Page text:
PitterPatHeart said...

Holly, I do know that there is canned cheese - I don't know how good it would taste in a grilled cheese sandwich. There's a lot of experimenting I have to do. There are definitely some adjustments you have to make - you can't have everything fresh, but one thing to think about is, if you're using this as part of your regular meal rotation, you can have your long-term storage version (canned cheese, dried veggies, etc.)then, if you are using it on a regular basis rather than in an emergency, you just use regular cheese or fresh veggies and put the non-perishable stuff aside for the next bag meal. When it's getting close to its expiration date, then you go ahead and eat it and replace it.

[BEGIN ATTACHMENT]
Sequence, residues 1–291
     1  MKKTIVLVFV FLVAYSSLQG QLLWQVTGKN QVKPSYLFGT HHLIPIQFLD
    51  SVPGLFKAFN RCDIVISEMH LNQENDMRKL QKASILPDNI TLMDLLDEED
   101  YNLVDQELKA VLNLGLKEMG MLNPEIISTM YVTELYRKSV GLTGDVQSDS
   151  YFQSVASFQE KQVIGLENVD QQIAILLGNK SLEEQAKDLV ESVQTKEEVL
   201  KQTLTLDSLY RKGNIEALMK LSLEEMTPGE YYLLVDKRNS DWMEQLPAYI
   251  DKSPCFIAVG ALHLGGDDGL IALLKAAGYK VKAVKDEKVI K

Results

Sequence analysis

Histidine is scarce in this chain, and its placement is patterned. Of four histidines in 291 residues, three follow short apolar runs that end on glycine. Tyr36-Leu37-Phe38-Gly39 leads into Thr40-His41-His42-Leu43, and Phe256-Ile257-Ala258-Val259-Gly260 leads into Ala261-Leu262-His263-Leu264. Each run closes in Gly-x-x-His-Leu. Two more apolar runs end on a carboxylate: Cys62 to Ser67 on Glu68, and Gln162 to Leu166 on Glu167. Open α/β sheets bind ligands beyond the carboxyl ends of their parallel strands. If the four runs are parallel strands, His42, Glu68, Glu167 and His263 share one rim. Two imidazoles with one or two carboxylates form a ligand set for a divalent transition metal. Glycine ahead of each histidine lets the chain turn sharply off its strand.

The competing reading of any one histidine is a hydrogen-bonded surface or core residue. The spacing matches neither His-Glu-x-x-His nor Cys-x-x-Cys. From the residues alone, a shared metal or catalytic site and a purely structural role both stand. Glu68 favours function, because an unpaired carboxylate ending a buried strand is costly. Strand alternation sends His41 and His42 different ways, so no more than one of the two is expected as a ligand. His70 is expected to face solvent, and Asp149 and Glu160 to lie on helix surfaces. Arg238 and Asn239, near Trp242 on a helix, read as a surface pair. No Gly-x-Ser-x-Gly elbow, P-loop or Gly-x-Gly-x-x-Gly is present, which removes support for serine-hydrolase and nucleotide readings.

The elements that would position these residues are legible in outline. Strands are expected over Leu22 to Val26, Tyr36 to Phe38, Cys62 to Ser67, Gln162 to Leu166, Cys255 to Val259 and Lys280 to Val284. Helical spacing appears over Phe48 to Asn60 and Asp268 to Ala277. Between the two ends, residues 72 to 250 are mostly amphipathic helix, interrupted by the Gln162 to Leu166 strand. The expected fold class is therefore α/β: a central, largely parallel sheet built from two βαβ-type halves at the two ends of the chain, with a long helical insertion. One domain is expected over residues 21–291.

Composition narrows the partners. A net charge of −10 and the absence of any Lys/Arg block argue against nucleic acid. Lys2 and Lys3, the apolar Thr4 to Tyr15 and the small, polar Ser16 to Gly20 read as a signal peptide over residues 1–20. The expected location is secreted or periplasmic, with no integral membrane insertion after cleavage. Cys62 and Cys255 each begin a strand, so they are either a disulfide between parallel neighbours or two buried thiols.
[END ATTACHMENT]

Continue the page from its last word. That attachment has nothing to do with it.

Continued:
If you really like fresh vegetables and want to have them around for much of the year, consider gardening. Also, in the book, they talk about growing sprouts indoors so you will always have fresh greens to eat.
There are definitely a lot of my regular recipes that just don't work for a bag meal (or any kind of food storage), but you can still get a lot of really yummy things into a bag, and just make it work for you.
Does that make sense?
If you use a lot of frozen vegetables and have the option, you should definitely stock up - I personally think frozen food is a great way to store food for the more financial variety of an emergency. I have a ton of meats and veggies in our freezer - when I see a good sale I just stock up. That way I always have something, and I got it for a good price.

MT said...

Cool idea! Can't wait to see some of your recipes!